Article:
As I write this blog, Valentine cards scatter my desk. This is the week for love: a time to send cards and letters to those that we appreciate. I am in the middle of sending the cards to my grandchildren. It is in this spirit, that I write this post. The most unloved employees in the back office are supply chain planners. As supply chain leaders, I would encourage you to send each of them some love for Valentine’s Day. That to do? Here I give you some ideas that go beyond flowers and candy.
Each year, when we complete our annual talent survey, we note greater and greater dissatisfaction within the role of supply chain planners. In Figure 1, note the lowest satisfaction is Generation X (birth years of 1965-1980) in manufacturing organizations. Note that academics and employees of technology software companies have a statistically significant higher level of job satisfaction. Within the data is the story of planners. The numbers are small, but the dissatisfaction is high.
Figure 1. Relative Job Satisfaction of Employees
Supply chain management is heady stuff. A complex non-linear system is not easily wrangled by the uninformed. For every action there is an opposite reaction. The response is often surprising .
In Figure 2, we share insights on five characteristics of companies with a supply chain working well. Note the comparison to the larger population. Companies that outperform their peer groups have supply chain executives with a better understanding of supply chain management.
Figure 2. Characteristics of High-Performing Supply Chains
1) Market-Driven Processes.
Business cycles. Markets go up and down. Supply chains take their sweet time to respond. (It took six months for supply chain executives to sense the market downturn of 2007 and make adjustments to their supply chain. Why? Bad news (declining volumes) moves slowly across an organization while good news (increasing volumes) travels quickly. Today, companies seek a growth agenda, but the signs are omnipresent. The economy is slowing down. Last week, the Wall Street Journal reached out to discuss the rising inventories near the Port of Los Angeles. In my share groups, large manufacturing clients have a Q1 freeze on travel. (Normally the freeze begins in the third quarter.) I am no economist, but there are signs of a market slowdown.
During a market downturn, the life of a demand planner is tough. As the patterns of declining volumes rise to the surface, organizations struggle in disbelief. The unknowing supply chain leader will send demand planners back to their cubicles to “fix the demand plan.” (In other words, forced to concoct a story of growth in a market that is slowing down. Planners hate this stress.) Tensions rise as demand planners attempt to do their jobs in an organization that does not want to engage with market data.
The answer? Embrace the data and use the work of demand planners to see early signs of the market downturn. Use the information to adjust the supply chain to minimize the impact.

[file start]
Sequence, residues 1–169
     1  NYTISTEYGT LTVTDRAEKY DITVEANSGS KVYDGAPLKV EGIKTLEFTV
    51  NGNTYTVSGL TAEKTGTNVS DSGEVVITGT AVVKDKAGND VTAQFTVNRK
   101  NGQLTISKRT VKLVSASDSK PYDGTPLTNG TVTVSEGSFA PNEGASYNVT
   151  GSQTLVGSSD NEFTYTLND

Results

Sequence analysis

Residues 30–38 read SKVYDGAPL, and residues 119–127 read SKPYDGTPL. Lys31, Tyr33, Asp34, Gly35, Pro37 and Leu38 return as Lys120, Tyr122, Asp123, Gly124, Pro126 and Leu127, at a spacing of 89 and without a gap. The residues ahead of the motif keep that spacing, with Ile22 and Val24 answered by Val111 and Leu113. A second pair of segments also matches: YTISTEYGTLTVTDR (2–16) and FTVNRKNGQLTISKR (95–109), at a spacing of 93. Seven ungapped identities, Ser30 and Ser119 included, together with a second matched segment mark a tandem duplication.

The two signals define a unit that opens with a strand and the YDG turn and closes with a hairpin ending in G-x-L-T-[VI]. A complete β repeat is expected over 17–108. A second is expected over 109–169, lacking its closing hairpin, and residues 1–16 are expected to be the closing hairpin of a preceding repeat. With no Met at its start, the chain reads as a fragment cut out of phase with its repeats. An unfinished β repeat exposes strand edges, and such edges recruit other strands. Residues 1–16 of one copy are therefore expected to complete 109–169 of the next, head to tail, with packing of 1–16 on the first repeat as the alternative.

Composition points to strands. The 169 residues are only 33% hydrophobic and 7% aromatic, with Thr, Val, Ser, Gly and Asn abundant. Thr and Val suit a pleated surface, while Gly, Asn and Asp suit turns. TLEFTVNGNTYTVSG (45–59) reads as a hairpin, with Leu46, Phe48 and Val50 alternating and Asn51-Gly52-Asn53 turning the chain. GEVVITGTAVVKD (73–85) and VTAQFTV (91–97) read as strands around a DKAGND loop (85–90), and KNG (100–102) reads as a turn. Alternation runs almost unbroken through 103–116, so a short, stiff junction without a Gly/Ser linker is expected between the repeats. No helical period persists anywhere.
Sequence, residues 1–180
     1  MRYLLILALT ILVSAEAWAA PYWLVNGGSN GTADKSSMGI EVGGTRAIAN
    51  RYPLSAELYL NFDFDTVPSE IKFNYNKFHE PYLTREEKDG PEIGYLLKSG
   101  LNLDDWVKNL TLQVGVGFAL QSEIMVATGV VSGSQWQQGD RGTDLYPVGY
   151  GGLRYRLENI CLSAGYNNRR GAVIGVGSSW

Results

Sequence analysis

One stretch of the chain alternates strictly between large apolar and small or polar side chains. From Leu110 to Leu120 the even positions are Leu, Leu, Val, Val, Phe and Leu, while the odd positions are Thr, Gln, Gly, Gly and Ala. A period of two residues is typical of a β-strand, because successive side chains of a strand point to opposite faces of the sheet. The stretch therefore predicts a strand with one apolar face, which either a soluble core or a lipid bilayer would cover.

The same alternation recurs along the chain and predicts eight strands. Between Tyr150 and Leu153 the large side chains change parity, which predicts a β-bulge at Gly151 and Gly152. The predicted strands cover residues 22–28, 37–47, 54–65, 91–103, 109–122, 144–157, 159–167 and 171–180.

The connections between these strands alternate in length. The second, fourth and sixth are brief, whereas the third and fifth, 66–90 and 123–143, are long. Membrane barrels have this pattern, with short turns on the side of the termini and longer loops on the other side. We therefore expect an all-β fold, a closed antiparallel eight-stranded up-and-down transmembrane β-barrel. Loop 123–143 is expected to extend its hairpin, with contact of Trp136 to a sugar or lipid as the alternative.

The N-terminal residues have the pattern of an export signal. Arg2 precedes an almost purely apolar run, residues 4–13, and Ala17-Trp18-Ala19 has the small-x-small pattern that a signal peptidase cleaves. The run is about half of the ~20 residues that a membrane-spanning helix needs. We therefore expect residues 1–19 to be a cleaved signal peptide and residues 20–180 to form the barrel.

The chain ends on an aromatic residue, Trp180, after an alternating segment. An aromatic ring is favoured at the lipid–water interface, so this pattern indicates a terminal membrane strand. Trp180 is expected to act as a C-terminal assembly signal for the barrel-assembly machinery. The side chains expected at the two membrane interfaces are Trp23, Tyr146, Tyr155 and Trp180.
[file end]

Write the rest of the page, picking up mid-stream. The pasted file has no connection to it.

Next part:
2) The Story of Policy, Strategy, and Modeling.
The supply chain combines policy, strategy and models. However, there is a disconnect. Despite the fact that supply chain modelers have great insights, they model; but do not drive strategy. These planners are often stuck at low-levels of the organization struggling with what to tell the “boss” when the strategy decisions are not feasible.
The action? Align. Ask data modelers using supply chain strategy tools to validate policy and refine the outcomes. Make the modelers important members of the team. The more that they feel involved, the greater the love.
3) Buy Technologies that Supply Chain Planners Will Love.
Over 65% of supply chain planning happens in Excel spreadsheets. One of the reasons? Usability. The second? The ability to model the supply chain in the technology. Models are not created equally.
Many times it is the result of the purchase of supply chain planning technologies purchased based on IT standardization. The lack of usability and modeling capabilities drive dissatisfaction.
Figure 3. Planning Technology Satisfaction
As shown in Figure 3, satisfaction with planning technologies low. The gap is greater in emerging economies. User satisfaction is the same as the flip of a coin.
Next steps? Focus on buying planners systems based on usability and modeling capabilities. Make sure that the planners have the right stuff. Make their jobs easier. As shown in Figure 4, the fit of technologies to do adequate modeling is significant gap.
Figure 4. Gaps in Planning Technologies
So, when Valentine’s day rolls around, feel free to buy your planners lunch or host a celebration. Love in any form is a great thing; but to make a long-term impact, don’t forget to address the tough issues that drive the low-level of planning satisfaction. I would start with these three.
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